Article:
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4 July 2016

How does the Conservative leadership contest work?

The Conservative party leadership election has started. What is the process for electing a new leader?       

By Rosie Collier

Who is running for leader?

Theresa May is the bookmakers’ favourite. As is Michael Gove, the controversial former education secretary detested by teachers up and down the country. Then there’s Stephen Crabb, Liam Fox and the less well-known Andrea Leadsom to consider.

Did they want to remain or leave?

Stephen Crabb and Theresa May both voted to remain in the EU, whist Liam Fox, Michael Gove and Andrea Leadsom supported the Leave campaign.

Who has ruled out?

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Boris Johnson, former mayor of London, face of the Leave campaign and once the bookies’ favourite to be the next Prime Minister, announced he would not be standing for Conservative leader. Jeremy Hunt, despite stating he was “seriously considering” leadership, stood down days before the nomination. George Osborne, long ranked as the favourite, is not standing. Education secretary Nicky Morgan has also ruled herself out.

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What will happen in the meantime?

In his resignation speech, Cameron announced he would continue in post as Prime Minister for the next three months, until the new party leader is elected.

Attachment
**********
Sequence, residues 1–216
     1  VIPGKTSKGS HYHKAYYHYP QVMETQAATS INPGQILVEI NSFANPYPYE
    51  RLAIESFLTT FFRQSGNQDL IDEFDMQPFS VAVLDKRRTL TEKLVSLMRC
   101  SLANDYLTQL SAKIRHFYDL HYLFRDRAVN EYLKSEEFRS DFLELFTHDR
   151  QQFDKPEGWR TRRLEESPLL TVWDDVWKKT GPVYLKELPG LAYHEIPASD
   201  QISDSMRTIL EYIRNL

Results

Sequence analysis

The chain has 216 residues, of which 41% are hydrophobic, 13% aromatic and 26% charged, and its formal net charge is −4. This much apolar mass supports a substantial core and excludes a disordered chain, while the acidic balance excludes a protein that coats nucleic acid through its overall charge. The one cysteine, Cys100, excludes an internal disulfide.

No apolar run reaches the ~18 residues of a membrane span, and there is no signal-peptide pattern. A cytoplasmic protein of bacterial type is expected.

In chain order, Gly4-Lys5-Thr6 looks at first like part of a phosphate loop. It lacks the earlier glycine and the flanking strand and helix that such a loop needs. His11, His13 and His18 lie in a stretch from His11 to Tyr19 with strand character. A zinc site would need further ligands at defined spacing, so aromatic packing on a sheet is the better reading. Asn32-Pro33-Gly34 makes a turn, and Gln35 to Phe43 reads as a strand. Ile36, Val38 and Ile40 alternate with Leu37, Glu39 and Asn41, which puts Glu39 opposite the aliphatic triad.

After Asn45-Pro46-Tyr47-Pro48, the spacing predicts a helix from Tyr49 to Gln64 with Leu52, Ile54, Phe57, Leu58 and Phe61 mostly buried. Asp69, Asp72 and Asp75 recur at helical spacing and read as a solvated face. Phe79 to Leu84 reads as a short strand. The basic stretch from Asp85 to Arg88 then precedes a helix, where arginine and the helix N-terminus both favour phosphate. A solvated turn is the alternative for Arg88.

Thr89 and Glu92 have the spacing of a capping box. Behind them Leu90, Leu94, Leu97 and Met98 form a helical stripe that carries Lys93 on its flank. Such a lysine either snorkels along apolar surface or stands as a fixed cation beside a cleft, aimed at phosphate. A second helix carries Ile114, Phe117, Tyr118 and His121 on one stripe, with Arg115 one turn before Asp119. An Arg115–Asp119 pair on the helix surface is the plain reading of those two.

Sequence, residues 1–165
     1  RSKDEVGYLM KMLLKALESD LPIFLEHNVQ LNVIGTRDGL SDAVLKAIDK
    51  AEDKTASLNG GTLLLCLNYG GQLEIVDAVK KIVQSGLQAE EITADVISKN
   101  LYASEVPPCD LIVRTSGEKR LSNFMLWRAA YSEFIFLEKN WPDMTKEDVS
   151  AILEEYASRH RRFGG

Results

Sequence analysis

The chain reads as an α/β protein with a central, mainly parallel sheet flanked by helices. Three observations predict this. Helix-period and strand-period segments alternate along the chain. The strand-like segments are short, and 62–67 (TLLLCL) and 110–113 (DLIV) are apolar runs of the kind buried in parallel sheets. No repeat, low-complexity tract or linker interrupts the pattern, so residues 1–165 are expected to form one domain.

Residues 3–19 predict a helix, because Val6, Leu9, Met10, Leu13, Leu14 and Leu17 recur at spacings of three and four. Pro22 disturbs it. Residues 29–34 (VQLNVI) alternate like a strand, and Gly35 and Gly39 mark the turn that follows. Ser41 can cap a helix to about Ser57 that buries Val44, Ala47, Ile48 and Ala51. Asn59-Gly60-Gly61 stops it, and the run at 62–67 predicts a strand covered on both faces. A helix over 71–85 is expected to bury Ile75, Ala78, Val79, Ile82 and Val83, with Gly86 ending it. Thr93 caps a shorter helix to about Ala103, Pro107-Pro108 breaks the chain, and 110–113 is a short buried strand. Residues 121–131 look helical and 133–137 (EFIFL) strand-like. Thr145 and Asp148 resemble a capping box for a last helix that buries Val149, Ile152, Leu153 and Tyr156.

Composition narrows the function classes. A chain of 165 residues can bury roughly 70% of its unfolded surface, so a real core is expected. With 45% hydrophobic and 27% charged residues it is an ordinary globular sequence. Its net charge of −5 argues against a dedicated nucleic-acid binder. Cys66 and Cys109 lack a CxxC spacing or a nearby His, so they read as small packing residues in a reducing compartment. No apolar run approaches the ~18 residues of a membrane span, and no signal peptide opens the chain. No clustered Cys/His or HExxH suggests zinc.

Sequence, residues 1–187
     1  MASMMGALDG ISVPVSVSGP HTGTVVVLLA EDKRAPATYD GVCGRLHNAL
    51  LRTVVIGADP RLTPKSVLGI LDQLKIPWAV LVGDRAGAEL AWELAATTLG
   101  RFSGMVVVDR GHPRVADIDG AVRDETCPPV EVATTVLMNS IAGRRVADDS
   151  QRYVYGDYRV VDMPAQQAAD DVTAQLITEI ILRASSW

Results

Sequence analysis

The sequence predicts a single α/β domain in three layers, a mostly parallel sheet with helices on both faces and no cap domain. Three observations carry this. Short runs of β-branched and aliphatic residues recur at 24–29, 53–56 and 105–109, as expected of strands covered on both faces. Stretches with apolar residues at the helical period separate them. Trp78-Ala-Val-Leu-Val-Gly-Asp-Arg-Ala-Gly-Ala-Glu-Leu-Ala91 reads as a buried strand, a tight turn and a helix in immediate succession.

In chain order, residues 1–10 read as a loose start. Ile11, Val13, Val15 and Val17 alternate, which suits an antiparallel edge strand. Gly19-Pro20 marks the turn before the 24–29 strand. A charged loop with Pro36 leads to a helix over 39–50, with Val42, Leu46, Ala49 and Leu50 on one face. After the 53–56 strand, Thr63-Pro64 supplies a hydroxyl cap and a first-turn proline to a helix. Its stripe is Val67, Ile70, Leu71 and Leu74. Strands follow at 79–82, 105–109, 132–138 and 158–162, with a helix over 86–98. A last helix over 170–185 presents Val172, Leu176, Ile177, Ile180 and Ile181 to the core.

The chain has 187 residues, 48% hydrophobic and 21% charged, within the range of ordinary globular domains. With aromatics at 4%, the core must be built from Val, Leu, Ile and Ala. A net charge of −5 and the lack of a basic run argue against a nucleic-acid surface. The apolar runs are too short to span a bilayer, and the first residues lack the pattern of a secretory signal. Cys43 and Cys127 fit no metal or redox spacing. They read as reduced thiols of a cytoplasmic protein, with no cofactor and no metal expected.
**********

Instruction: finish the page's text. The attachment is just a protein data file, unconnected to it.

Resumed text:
How does the election work?

Firstly, Conservative MPs present a choice of two candidates to the whole party. Then, party members vote for their preferred candidates from a shortlist of two using a ‘one member one vote’ system.

Has it always been like that?


When and why did it change?

Before 1965, Conservative candidates simply ‘emerged’ from a ‘magic circle’. In 1997 a Conservative party document The Fresh Future, outlined the election rules that are applied today. A chapter headed: “Democracy: giving power to the members” placed emphasis on increased party membership and hence the involvement of party members in the second stage of the election.  This process was adopted in 1998.

How can a leadership contest be initiated?

Either by the incumbent leader resigning (as seen with Cameron) or by the Parliamentary Party passing a vote of no confidence.

What do candidates need to be able to stand?

Candidates must be nominated by any two MPs taking the Conservative whip.

What is the voting system?

Between MPs, the ballot is held under the first past the post voting system.  

What is the timetable of events?  

5th July

The first ballot of Conservative MPs is announced. The candidate with the fewest votes will be eliminated.

7th July

Another vote is held. Voting will continue to take place every Tuesday and Thursday until two candidates remain.


The candidates spend their summers campaigning. Votes are given to party members. 

9th September

 The result is announced, just in time for the Conservative party conferance on the 2nd of October.   

Can I vote?

Chances are, no. Unlike the Labour leadership election last summer, you have to have been a member of the Conservative party before the nominations was opened up on the 29th of June in order to be able to vote in this contest. On top of that, you have to have been a member for three months before the time the voting ends. 

What happens next?

We wait. The knock out competition begins, and by Tuesday evening we’ll wave goodbye to some of the eliminated constestants.